The four worst threats to humanity (1)

CO2, nuclear, plastic, pesticides threaten the survival of humanity. There is a link between these four scourges that could be controlled. Proposals for the environmental transition: two avenues for reflection.

Par Yves Lubraniécki

The four immense threats to humanity today should be linked to each other with a level of severity never seen before. Especially since it must be understood that the fight against these very real dangers constitutes at the same time a gigantic source of jobs and all kinds of economic initiatives for decades to come.
I can reassure you that these threats are not the only ones. One could mention, for example: the very rapid loss of biodiversity. Indeed, the experts are formal: human activity is promoting a mass extinction of species, comparable to the one that has affected dinosaurs. Climate change, intensive farming, overexploitation of resources, pollution and increasing deforestation are all contributing factors….
Other threats: the disastrous management of freshwater resources, exponential demography, the war of cultures closely linked to the arms trade, the collapse of the education of our young people, the expected explosion of economic, political and climate migration, none of which is carried out on a whim or for pleasure (the International Office on Migration gives the official figure of 244 million in 2018 and 400 million by 2050 and so on…

The four threats I want to talk to you about here are positively related to each other

1 – CO2 emissions

Pollution, a threat to health (Royalty-free photo)
Pollution, a threat to health (Royalty-free photo)

We have well exceeded 700 net tonnes of anthropogenic emissions per second worldwide. If 1 litre of CO2 weighs 2 grams, this represents more than 350,000 m3/s. The word “net” means that the 40% of the total emissions that nature absorbs in addition, due to these emissions, have been removed from the gross figure. That is, the more CO2 we emit, the more carbon nature absorbs (through plants, seas and oceans, limestone rocks, etc.), but to a certain extent that we have unfortunately far exceeded. Today, we emit more and more and nature absorbs less and less…
This 700-tonne figure is based on a calculation made from those of the US Department of Energy published on the website of the Carbon Dioxide Information and Analysis Centre (CDIAC). (1)
At the beginning of the Industrial Revolution, around 1850, there was 280 cm3/m3 of CO2 per m3 of atmosphere. We are talking about “Particles per million by volume” (PPMV), now we have exceeded 400…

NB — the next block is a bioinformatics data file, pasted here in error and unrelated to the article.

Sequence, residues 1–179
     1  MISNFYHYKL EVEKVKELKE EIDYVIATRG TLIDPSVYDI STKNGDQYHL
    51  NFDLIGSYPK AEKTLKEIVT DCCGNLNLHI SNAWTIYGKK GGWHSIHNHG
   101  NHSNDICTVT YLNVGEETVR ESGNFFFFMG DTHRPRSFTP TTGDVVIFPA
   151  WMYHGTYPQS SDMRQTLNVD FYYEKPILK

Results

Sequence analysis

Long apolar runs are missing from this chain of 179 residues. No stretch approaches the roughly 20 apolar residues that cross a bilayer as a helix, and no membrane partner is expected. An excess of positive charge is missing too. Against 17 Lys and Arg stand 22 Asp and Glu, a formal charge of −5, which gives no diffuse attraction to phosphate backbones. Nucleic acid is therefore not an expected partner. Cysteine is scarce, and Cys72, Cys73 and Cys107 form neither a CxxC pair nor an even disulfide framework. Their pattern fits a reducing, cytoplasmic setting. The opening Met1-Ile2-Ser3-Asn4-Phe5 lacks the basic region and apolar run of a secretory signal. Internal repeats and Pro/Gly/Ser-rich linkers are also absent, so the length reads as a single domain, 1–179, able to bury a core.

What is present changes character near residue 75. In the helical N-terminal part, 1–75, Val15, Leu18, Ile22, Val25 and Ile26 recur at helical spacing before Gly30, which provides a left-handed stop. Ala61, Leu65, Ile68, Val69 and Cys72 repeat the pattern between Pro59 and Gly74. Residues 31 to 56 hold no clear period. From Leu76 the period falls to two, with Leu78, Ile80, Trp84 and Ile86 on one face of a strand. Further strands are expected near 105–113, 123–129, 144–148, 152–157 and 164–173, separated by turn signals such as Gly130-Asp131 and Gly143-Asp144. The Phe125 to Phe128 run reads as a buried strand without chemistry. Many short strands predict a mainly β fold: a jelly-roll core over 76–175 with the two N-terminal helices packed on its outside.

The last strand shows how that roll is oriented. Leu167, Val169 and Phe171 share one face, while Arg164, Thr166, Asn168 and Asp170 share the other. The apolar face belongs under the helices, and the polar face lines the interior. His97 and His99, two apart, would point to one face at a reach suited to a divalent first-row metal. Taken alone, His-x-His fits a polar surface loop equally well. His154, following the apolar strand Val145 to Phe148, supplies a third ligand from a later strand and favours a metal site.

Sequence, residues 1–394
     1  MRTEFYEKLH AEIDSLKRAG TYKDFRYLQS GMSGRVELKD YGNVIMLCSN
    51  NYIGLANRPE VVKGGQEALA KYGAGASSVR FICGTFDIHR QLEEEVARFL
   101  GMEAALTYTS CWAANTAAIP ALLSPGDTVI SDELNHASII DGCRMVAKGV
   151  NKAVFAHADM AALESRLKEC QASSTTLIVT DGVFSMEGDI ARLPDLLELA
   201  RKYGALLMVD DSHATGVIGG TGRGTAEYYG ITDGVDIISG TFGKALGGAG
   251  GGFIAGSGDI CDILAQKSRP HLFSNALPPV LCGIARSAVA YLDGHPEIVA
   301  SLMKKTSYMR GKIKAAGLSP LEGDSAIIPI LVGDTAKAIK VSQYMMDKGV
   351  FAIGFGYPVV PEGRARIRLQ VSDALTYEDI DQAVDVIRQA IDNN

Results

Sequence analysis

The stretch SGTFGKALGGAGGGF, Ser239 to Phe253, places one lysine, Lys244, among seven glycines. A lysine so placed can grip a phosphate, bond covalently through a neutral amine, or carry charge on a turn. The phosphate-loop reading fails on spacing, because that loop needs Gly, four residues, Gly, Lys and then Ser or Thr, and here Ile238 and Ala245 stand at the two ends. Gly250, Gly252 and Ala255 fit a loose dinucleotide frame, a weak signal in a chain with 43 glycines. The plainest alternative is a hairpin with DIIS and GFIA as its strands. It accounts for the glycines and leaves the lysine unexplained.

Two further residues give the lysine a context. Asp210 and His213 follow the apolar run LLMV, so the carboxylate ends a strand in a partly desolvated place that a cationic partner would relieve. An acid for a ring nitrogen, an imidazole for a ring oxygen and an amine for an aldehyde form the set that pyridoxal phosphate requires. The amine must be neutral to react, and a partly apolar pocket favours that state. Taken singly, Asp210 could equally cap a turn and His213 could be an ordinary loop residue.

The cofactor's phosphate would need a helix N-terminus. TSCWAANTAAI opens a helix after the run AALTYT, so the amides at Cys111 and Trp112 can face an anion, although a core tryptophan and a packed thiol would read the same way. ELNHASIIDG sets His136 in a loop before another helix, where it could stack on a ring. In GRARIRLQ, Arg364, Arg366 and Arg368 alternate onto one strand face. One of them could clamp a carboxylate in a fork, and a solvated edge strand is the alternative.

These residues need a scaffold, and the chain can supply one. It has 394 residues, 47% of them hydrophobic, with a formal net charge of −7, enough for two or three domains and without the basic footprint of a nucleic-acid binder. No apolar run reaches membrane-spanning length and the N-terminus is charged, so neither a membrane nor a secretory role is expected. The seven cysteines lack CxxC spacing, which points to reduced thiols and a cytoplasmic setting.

This is because we are very quickly re-emitting fossil carbon into today’s atmosphere – for less than two hundred years – that has been absorbed by plants, including phytoplankton, for about 300 million years to produce the oil, coal and natural gas that we burn massively.
This carbon that we release accumulates in the atmosphere. In this reasoning, we only take into account the “ultra-long carbon cycle”, we talk about “fossil carbon” and it is this that is the problem. When burning vegetable oil, for example, the carbon that was fixed by the plant in the year before the harvest is released and will be re-captured by the plant to prepare for the next harvest. There is no increase in atmospheric carbon, this is called the “short carbon cycle”.

2 – Nuclear energy

Nuclear: the unknown of waste (wikipedia)
Nuclear: the unknown of waste (wikipedia)

We see the spectacular collapse of the French system. We are the first relative users on a global scale, while we are very dependent on foreign countries for uranium, we do not know how to treat waste, we do not know how to dismantle old power plants, we no longer have the financial means to invest in improving or modernizing our system.
Our projects with foreign countries concerning the EPR have been broken for several years, including the problem of the reliability of the stainless steel tank and the welds… (2)
Another associated threat is generally ignored, but it is of primary importance, namely the seismic risk, particularly for Fessenheim: Basel, located nearby, was destroyed by an earthquake in the 14th century, and there have been recent seismic tremors nearby: in Switzerland, near Neuchâtel and France, in the Jura or in Mulhouse.